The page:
2). Identify the 3 Most Important Values
Consider that list of items, whether derived from Vision Statement or brainstorm, to be the values of your practice. From this list, you can now set out to identify your truly sacred values. Pick three distinct values that you believe are at the core of your identity. Try to make sure they don’t overlap too much. Don’t confuse yourself by picking things you’ve always wanted to be but really aren’t. If you are the charismatic doc I mentioned before, point to your personality and fun. If you are a low-key, humble doc, go with integrity and humility. Now that you have your 3 sacred values, it’s time to put them to work!
3). Turning Scripts Into “YouSpeak”
Having your values on paper is one thing, but talking about them can be trickier. We absolutely realize our clients have had very little sales training, if any. Three strategies will make execution much easier. First, the designed scripting must feel authentic. That means it needs to be written in words you can actually imagine yourself speaking. We work with our clients every day to translate their visions and marketing copy into authentic talking points. Play with the words to make them feel like you, but preserve the essence of the message. This is the only real way to live your marketing.
A second way to make the conversation more user-friendly for you is to design external reference points in your environment. Think of it as a built- in PowerPoint. The most obvious example is using your actual Vision Statement, either in a new patient orientation packet, on your website or on the wall. Simply make sure you have a prompt from which to begin making your points. Feel free to use the following transition statement and lead up:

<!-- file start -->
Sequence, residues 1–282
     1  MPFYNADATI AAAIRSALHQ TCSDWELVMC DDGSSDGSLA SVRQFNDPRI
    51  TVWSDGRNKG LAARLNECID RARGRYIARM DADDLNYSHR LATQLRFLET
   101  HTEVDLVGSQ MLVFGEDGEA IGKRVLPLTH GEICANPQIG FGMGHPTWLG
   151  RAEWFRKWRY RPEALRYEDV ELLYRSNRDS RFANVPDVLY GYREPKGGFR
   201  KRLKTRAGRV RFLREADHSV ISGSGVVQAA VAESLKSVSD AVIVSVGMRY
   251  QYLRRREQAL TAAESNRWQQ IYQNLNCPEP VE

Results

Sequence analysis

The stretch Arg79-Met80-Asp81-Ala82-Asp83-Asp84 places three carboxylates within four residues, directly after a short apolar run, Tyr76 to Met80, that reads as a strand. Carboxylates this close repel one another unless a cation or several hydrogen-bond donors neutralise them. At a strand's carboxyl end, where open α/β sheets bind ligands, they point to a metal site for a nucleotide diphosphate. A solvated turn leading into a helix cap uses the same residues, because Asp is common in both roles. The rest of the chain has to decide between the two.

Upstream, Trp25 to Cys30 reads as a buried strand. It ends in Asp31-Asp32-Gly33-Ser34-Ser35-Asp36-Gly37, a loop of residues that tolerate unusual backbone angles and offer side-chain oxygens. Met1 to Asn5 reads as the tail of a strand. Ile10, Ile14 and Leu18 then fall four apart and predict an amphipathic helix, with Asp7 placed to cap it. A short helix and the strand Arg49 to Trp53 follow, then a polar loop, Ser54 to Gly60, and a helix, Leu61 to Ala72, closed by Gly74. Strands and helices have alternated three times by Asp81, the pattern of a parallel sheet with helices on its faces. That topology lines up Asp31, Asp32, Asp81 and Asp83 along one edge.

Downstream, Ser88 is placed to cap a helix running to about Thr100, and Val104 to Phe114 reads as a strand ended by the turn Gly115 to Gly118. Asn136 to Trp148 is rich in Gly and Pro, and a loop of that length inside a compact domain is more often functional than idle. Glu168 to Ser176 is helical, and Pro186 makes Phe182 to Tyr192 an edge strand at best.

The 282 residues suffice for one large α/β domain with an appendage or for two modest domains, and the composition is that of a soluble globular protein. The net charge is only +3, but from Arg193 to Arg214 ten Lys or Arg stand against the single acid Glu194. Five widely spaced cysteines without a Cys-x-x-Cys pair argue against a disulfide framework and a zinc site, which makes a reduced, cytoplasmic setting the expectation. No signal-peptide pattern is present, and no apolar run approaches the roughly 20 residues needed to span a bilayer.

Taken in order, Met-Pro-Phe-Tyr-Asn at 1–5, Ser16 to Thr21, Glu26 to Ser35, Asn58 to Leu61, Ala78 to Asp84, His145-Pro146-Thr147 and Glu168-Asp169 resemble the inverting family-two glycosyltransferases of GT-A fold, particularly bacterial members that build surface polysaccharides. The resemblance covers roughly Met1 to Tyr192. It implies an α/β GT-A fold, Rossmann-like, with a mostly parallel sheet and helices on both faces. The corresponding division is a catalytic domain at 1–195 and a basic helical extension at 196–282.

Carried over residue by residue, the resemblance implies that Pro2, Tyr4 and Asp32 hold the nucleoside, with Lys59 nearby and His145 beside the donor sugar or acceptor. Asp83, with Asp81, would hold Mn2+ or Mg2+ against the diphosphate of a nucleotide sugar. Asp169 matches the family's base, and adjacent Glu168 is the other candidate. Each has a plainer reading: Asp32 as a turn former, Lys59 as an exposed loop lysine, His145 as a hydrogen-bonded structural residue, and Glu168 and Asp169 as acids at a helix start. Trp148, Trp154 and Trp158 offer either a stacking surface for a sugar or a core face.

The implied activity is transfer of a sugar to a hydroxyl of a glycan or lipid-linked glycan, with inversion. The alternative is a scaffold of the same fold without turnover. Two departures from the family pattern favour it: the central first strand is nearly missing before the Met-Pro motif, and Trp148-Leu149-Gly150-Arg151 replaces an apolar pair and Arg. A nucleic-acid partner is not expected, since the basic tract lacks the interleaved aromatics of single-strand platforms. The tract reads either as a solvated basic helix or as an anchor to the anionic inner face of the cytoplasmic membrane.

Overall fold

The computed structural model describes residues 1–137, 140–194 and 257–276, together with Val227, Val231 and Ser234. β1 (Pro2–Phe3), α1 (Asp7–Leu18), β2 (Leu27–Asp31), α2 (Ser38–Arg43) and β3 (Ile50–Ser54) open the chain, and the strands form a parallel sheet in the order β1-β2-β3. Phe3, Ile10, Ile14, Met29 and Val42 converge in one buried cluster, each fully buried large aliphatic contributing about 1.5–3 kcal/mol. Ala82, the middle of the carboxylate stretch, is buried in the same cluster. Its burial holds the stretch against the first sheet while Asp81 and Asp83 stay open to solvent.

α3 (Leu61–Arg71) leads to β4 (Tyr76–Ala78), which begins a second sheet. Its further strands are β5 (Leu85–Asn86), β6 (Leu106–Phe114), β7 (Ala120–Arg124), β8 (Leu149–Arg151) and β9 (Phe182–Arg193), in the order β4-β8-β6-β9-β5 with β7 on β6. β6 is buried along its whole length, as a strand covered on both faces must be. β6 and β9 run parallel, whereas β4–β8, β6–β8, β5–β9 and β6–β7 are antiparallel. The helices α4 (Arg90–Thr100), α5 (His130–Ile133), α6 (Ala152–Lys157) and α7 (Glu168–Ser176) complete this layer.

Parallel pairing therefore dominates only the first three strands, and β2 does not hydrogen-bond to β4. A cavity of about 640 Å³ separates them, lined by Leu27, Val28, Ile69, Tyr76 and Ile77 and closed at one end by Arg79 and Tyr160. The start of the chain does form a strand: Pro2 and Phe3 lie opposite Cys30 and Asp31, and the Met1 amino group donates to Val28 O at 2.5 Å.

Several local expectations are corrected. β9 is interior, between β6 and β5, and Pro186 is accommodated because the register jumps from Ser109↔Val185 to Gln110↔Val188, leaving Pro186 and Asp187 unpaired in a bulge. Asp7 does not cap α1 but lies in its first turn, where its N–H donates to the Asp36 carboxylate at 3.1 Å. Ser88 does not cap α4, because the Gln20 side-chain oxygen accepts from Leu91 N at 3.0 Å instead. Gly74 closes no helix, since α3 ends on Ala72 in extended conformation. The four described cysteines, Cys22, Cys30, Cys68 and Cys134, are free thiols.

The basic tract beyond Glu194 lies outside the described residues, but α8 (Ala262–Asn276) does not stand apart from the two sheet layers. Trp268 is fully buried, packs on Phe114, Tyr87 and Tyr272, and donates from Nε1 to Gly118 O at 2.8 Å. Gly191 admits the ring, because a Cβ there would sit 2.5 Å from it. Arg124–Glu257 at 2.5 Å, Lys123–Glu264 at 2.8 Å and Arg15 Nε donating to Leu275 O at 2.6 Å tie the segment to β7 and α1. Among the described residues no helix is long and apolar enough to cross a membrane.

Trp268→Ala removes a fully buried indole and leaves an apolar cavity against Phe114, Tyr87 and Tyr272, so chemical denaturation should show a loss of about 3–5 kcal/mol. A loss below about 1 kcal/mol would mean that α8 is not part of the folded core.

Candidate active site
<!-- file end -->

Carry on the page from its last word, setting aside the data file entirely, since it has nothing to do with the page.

“Now that we’ve learned more about you, I’d like to share a little bit about us. We’ve…(insert brief history/background). If you choose to get your orthodontic treatment with us, I think it is important that we tell you why our patients enjoy coming here. (NOTE: this is where the promotion part starts)
This is our Vision Statement (pointing to it) which is the backbone of what makes us successful. Notice here, that it says “every visit to our practice will be an exceptional one”. That is our way of giving back to you and your family. You will visit our office more times over the next 18 months than you visit you general dentist in 5 years! We will make sure the environment is fun and energizing. We are changing lives here and we want our patients to know that.” These may not be your words, so make the script yours! Keep the essence of your message intact, and translate it into “YouSpeak!”
Now that you’ve designed a purposeful, brand-oriented conversation, the third and final ingredient is practice. While the new scripts may represent your manner of speaking, they are not authentic until you’ve said them many, many times. Just as actors must rehearse their lines, so must you. Do it as a team exercise and have fun. Break it into chunks and practice each one over and over and over. You will soon be reciting it in your sleep. The good news is once you’ve done it enough times, you will automatically practice it on a daily basis. At that point, it will take on a life of its own as you add in your own particular mannerisms and non-verbal signature.
Promotion doesn’t come naturally to everybody, but it is well within your reach. Today’s marketplace will continue to challenge you in unexpected ways so preparation is key. Hiring a consultant can help, but taking an active role is easier than you think. Remember to stick to and highlight your values, be decisive about what messages you choose to convey to your patients, and look for your own voice. You will be most influential when you speak from the heart about what you truly believe in.
Ross Vera has 15 years of experience in Dental Practice Management and serves as a consultant at Pride Institute. He specializes in Leadership, Human Resources, and Specialty Dental Practice Building. Ross can be reached via e-mail at firstname.lastname@example.org.
This article first published in 2014 OrthoWorld.